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Spiders sniff out humans

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A jumping spider, Evarcha arcuata. Thanks to Peter Petac for the photo: http://www.flickr.com/photos/phylumarthropoda/

This is a jumping spider, and it is unusual in more ways than just its looks.

The jumping spider, Evarcha culicivora, or the ‘vampire spider’ is the only animal which chooses its prey based on what the latter has just eaten: it attacks mosquitoes that have recently sucked blood, rather than other types of food.1

New findings have made this awesome creature that little bit more exciting. Scientists have known for a while that this spider has excellent eyesight. Now they have discovered that this spider can smell the odour of humans inside the mosquitoes, just as mosquitoes can smell us.2

The scientists took some dirty socks (I kid you not) and blew the smell of them towards a spider held in a chamber. They also did the same thing but using clean socks. Spiders which had the dirty-sock smell wafted towards them stayed in the chamber longer than the ones that had the clean-sock smell.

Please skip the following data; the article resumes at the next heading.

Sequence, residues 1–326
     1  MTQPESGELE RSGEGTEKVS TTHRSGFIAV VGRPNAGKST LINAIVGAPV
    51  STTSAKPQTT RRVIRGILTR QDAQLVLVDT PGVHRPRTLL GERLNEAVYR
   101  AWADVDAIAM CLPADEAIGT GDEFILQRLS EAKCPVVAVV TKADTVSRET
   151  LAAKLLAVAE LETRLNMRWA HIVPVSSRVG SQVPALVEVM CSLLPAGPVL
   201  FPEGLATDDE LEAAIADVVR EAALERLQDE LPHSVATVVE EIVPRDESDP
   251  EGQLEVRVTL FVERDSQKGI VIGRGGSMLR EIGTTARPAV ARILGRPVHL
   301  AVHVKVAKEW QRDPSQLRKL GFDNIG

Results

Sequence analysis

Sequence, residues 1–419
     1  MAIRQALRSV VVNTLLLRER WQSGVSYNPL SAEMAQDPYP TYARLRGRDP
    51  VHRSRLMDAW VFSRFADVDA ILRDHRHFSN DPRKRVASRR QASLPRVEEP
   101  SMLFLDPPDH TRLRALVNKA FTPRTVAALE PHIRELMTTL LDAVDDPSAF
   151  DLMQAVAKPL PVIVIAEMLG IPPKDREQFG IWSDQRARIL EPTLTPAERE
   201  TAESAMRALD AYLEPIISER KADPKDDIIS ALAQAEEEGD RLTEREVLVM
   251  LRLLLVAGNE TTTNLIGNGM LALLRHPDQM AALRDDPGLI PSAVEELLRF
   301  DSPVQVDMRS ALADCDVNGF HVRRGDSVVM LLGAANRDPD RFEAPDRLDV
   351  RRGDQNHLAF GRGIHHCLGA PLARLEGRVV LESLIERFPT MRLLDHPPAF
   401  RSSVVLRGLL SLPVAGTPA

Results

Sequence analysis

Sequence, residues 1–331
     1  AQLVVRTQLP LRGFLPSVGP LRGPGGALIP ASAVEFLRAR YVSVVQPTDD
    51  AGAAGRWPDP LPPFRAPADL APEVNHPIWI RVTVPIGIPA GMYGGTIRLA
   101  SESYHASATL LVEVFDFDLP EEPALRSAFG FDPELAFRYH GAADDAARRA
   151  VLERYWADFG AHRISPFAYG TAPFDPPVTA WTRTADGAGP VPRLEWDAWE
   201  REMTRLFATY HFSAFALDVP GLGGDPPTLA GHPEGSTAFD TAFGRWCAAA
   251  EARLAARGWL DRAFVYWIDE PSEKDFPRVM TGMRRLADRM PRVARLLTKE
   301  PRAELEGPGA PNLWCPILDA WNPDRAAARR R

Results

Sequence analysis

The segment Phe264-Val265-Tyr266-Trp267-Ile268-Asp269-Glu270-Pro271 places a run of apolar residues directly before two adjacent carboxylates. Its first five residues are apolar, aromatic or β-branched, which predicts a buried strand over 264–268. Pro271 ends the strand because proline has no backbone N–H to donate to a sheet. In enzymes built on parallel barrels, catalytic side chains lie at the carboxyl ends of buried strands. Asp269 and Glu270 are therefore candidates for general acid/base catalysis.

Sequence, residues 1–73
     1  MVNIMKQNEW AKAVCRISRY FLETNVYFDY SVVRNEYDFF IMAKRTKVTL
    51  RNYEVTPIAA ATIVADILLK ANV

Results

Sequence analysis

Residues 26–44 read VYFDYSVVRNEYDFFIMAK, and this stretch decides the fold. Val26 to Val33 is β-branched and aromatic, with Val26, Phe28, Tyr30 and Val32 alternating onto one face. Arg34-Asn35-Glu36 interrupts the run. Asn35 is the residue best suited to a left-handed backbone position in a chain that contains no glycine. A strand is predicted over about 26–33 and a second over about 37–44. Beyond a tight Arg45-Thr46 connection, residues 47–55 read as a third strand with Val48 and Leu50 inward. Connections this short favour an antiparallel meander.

This is the first spider found to be able to smell out humans. What’s more, the favourite mosquito snack of this spider is Anopheles, the mosquito which is a vector for malaria. Just as Anopheles mosquitoes use human smell to sniff out their blood meal, so this spider is using the smell to sniff out the mosquitoes.

This is probably a little bit out there, but I’m envisioning a scene where we release a whole load of these mosquito-sniffing machines out into the worst Malaria-inflicted areas of Africa…?

 

 

1Jackson, R.R., Nelson, X.J., and Sune, G.O. (2005). A spider that feeds indirectly on vertebrate blood by choosing female mosquitoes as prey. Proc. Natl. Acad. Sci. U. S. A. 102, 15155.

2 Cross, F.R., and Jackson, R.R. (2011). Olfaction-based anthropophily in a mosquito-specialist predator. Biol. Lett. doi:10.1098/rsbl.2010.1233

 

Not quite a David Attenborough commentary, but a fun video:

[youtube=http://www.youtube.com/watch?v=qxbuysNGLOM]

Felicity Muth About the Author: Felicity Muth is an early-career researcher with a PhD in animal cognition. Follow on Twitter @notbadscience.

The views expressed are those of the author and are not necessarily those of Scientific American.





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